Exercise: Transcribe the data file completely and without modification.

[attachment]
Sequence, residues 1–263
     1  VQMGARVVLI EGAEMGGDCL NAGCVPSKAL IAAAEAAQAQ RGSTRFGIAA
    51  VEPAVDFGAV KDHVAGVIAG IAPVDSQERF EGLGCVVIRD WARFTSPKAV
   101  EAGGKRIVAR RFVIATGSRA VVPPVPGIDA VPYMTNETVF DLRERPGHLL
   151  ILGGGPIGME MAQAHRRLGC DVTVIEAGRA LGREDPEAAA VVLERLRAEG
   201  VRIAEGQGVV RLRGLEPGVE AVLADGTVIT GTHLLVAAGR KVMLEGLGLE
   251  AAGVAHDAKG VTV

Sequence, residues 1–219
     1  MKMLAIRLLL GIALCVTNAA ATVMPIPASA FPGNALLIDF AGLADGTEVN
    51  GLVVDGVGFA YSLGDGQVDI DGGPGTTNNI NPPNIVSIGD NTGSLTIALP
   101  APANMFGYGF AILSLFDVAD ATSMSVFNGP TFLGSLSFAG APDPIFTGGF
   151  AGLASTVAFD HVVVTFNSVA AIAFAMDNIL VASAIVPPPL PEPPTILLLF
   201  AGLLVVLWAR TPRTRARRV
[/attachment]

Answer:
Sequence, residues 1–263
     1  VQMGARVVLI EGAEMGGDCL NAGCVPSKAL IAAAEAAQAQ RGSTRFGIAA
    51  VEPAVDFGAV KDHVAGVIAG IAPVDSQERF EGLGCVVIRD WARFTSPKAV
   101  EAGGKRIVAR RFVIATGSRA VVPPVPGIDA VPYMTNETVF DLRERPGHLL
   151  ILGGGPIGME MAQAHRRLGC DVTVIEAGRA LGREDPEAAA VVLERLRAEG
   201  VRIAEGQGVV RLRGLEPGVE AVLADGTVIT GTHLLVAAGR KVMLEGLGLE
   251  AAGVAHDAKG VTV

Sequence, residues 1–219
     1  MKMLAIRLLL GIALCVTNAA ATVMPIPASA FPGNALLIDF AGLADGTEVN
    51  GLVVDGVGFA YSLGDGQVDI DGGPGTTNNI NPPNIVSIGD NTGSLTIALP
   101  APANMFGYGF AILSLFDVAD ATSMSVFNGP TFLGSLSFAG APDPIFTGGF
   151  AGLASTVAFD HVVVTFNSVA AIAFAMDNIL VASAIVPPPL PEPPTILLLF
   201  AGLLVVLWAR TPRTRARRV